Child labour: The boys working as porters at Nampula markets – Ikweli

Illustrative photo: Ikweli

The use of children to carry and load products in the city of Nampula is increasingly worrying, and represents a chilling and reprehensible violation of children’s rights.

The children, mostly aged between 10 and 15, are scattered among the various markets in northern Mozambique’s largest urban centre, and whenever a customer arrives they run after them, asking for a ‘biscate’ [odd job]

The Ikweli reporting team spoke to some of the minors who work at the markets. They said that they see it as the only way to earn a living for themselves and, in certain cases, even for their families.

Fifteen-year-old Aires Pedro lives in the Mutauanha neighbourhood and has been going to the Waresta wholesale market for more than five years, often skipping school to work loading various products. Aires attends the 5th grade at the Mutauanha EPC, but can earn 150.00 meticais a day working at the market.

“I have been doing this since 2018, trying to earn money to help my brothers and my mother. There is nothing else I can do to get money to buy food for the home,” the teenager, who also sells plastic bags, says.

Orphan Pedro Fernando, also 15 and working as a porter, told Ikweli he sold plastic bags in the market and carried 25-kilogram bags of various products. “For each bag, I earn 15 to 20 meticais, and sometimes I depend on customers of good faith to help me,” he explains.

With his earnings, Fernando manages to cover some of his family’s expenses. “We lost our father more than five years ago, and we went through difficult times to get food, so I felt obliged to resort to this practice in the markets. I preferred this market because it is the busiest.”

Edson Francisco, 14, reports a difficult reality: his own parents make him work. “I was made to take this up by my parents, to earn money for food for the family. I have been doing it for more than one year now,” he says.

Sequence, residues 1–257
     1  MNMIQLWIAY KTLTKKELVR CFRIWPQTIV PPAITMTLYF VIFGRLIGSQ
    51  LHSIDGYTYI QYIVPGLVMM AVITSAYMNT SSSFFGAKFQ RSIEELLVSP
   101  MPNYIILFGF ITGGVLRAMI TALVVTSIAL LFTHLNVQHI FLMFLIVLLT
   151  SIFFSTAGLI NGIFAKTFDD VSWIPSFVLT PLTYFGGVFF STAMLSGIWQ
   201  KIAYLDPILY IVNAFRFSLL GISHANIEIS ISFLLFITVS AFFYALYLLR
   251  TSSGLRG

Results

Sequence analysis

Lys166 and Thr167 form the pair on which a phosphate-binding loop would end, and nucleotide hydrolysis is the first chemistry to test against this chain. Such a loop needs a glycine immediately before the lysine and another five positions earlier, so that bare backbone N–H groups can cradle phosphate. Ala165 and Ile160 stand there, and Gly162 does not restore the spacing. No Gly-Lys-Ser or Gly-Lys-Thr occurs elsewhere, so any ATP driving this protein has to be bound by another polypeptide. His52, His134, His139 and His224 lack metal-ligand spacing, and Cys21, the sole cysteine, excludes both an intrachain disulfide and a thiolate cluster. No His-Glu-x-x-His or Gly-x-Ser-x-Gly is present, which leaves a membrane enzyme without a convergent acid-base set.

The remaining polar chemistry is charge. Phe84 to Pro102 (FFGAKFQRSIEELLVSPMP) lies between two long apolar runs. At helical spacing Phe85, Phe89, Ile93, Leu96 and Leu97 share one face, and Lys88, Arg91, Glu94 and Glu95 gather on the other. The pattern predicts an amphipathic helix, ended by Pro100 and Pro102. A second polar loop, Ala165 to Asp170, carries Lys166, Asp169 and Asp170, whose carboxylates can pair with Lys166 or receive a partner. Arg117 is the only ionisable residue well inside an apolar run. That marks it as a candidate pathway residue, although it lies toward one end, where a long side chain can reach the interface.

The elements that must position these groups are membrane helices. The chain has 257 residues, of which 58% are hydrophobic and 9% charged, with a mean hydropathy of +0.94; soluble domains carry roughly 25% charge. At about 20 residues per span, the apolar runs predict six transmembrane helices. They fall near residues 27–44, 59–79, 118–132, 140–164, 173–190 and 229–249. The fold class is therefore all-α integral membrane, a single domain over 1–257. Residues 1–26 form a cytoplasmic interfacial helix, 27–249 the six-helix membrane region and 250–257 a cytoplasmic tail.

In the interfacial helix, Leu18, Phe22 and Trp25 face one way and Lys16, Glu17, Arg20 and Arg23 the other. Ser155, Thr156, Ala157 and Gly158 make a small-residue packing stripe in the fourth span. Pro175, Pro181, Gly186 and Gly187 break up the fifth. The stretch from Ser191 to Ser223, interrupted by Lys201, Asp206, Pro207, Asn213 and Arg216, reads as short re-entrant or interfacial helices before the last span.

A concern for the government

According to Albertina Ussene, provincial director of Gender, Children and Social Action in Nampula, child labour is a reality, and not only in Nampula’s markets. This should be of concern not only to the government, but to all of us, she says.

“In Nampula (city), child labour is very visible and accepted in the community,” Ussene says. “Those who have a little courage claim that they are needy and that those children need to be there to be able to help earning some form of livelihood. We have stopped saying that these things are not recommended.”

But she urges parents and guardians, and society in general, to encourage children go to school rather than be on the streets practising informal commerce.

Ussene stressed that the Directorate of Gender, Children and Social Action carried out awareness-raising activities in the communities, involving community leaders and influential people, in order to dissuade them from these practices.

“We have been working with parents and guardians, because previously we were giving the lectures to the children themselves and then we sensed that, probably, these children do not exactly have decision-making power. Because you are passing a message to the child, but at home the child is told by the parents themselves to carry out this activity… That’s when things get complicated,” she concludes.

By Nelsa Momade

Source: Jornal Ikweli

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